A critical step toward the optimized well completion efficiency is to minimize perforating debris. Conventionally zinc-case shaped charges have been used in perforating for their perceived benefits of low cost, low-debris, and dissolvability by acid. The low-debris characteristic has been proven to be a misconception. Charge detonation actually pulverizes a zinc case into fine powder with a minor amount of the zinc material melted and oxidized. The powder form zinc has higher tendency to exit the gun during perforating and retrieval of the gun string, which potentially causes formation damage and other operation problems. Shaped charges that truly result in a low amount of debris are therefore needed by the industry. In response to such a demand, low-debris steel-case shaped charges are developed.
Laboratory perforating tests under downhole conditions showed several mechanisms by which a zinc-case charge can cause operation failure and formation damage. (1) The fine zinc debris can be tightly compacted in the perforation tunnel and cause complete perforation plugging if the perforating job is not properly designed. The plugged perforation tunnel not only reduces the productivity and injectivity dramatically, but also causes reservoir fluid to bypasses the length of the perforation and converges into the entrance hole, increasing flow velocity and pore pressure gradient, and hence increasing sand production potential. (2) Zinc-case charges generate higher detonation pressure than steel-case charges due to higher reaction heat. Lower shot density has to be used to ensure underbalance for perforation cleanup. (3) When a kill well operation is required during completions, chemical reaction between zinc and CaCl2/CaBr2 based kill pill can cause failure in fluid loss control. Higher fluid loss will cause high completions cost due to loss of expensive completion fluid. In addition, high fluid loss volume leads to severe formation damage. (4) Expelled zinc debris is anodic to steel. Under common pH, temperature, and chemical environment inside a well, the redox reaction liberates atomic hydrogen, causing hydrogen related corrosion or enbrittlement to the downhole hardware. (5) Difference in performance of zinc-case and steel-case charges shows that the latter is a superior candidate particularly for deep penetrators. Given all other conditions are same, the steel-case charge is capable of deeper perforation.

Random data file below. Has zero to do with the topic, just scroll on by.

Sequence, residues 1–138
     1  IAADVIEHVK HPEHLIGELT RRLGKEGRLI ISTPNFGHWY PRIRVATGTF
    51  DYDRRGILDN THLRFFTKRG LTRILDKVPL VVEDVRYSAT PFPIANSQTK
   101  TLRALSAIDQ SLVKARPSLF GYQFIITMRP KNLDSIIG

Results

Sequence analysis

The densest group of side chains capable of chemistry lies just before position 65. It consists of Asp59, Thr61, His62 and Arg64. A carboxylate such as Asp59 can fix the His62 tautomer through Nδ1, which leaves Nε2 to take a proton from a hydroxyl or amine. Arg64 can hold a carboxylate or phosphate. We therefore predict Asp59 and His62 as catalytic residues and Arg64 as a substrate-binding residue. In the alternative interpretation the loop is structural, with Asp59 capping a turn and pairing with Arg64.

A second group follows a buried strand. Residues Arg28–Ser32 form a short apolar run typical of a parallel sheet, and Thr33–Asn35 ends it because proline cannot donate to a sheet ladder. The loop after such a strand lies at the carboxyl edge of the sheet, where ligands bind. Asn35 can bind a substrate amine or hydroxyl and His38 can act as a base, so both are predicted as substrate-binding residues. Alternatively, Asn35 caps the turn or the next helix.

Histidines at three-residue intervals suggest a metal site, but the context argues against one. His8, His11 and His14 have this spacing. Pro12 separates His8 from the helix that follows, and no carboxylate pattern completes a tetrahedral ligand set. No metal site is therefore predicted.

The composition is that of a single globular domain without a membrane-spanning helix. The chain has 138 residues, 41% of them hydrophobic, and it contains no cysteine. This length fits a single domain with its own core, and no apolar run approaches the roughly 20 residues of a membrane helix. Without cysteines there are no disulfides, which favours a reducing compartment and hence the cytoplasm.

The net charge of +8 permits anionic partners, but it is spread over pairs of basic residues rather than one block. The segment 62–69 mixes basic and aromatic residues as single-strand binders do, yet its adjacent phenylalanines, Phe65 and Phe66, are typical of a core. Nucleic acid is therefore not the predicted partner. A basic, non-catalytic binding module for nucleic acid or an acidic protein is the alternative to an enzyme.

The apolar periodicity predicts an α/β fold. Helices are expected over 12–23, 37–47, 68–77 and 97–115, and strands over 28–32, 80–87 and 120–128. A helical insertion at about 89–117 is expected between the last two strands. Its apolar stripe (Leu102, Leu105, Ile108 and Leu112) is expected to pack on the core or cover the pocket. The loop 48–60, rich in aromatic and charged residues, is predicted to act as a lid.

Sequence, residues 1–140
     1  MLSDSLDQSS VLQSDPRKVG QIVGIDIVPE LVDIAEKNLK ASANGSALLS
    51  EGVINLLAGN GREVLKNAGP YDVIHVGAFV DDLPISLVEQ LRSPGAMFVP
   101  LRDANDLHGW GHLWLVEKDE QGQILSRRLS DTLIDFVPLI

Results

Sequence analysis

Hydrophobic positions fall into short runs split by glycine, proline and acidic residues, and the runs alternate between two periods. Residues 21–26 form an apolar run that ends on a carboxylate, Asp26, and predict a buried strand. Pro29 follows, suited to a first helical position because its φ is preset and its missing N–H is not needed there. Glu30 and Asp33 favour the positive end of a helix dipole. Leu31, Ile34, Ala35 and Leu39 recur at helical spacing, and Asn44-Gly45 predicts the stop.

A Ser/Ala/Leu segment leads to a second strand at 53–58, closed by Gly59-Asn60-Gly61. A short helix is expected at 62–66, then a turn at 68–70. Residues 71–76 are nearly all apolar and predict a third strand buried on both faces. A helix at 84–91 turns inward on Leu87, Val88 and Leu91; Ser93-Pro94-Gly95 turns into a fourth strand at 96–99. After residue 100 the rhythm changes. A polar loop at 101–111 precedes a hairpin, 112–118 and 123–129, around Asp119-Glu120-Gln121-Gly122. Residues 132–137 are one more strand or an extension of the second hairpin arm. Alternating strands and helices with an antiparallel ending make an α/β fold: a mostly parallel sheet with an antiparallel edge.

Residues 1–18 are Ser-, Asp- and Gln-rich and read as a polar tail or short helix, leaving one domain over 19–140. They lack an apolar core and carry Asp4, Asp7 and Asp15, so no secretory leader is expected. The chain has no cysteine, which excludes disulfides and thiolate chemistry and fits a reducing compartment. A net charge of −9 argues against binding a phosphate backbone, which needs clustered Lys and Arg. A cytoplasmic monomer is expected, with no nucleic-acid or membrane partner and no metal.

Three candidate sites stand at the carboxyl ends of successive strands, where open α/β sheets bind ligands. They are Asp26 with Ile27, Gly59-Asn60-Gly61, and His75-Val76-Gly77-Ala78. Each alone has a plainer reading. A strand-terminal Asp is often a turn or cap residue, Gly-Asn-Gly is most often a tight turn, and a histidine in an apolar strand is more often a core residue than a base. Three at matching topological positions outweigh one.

To overcome the problems associated with zinc and to result in truly low amount of debris, steel-case shaped charges were developed. The unique shaped charge design combined with selection of special steel materials for charge cases allows all case fragments to be sufficiently large that they remain inside their hollow carriers, which are eventually retrieved back to surface after perforating. As a result, it not only achieves debris minimization during perforating, but also maintains consistency regardless of gun movement during retrieval operation.
This paper discusses the laboratory studies that compare the zinc-case and steel-case charge performances, the potential damage mechanism by zinc-case charges, and presents the extensive field history of the low-debris steel-case charges.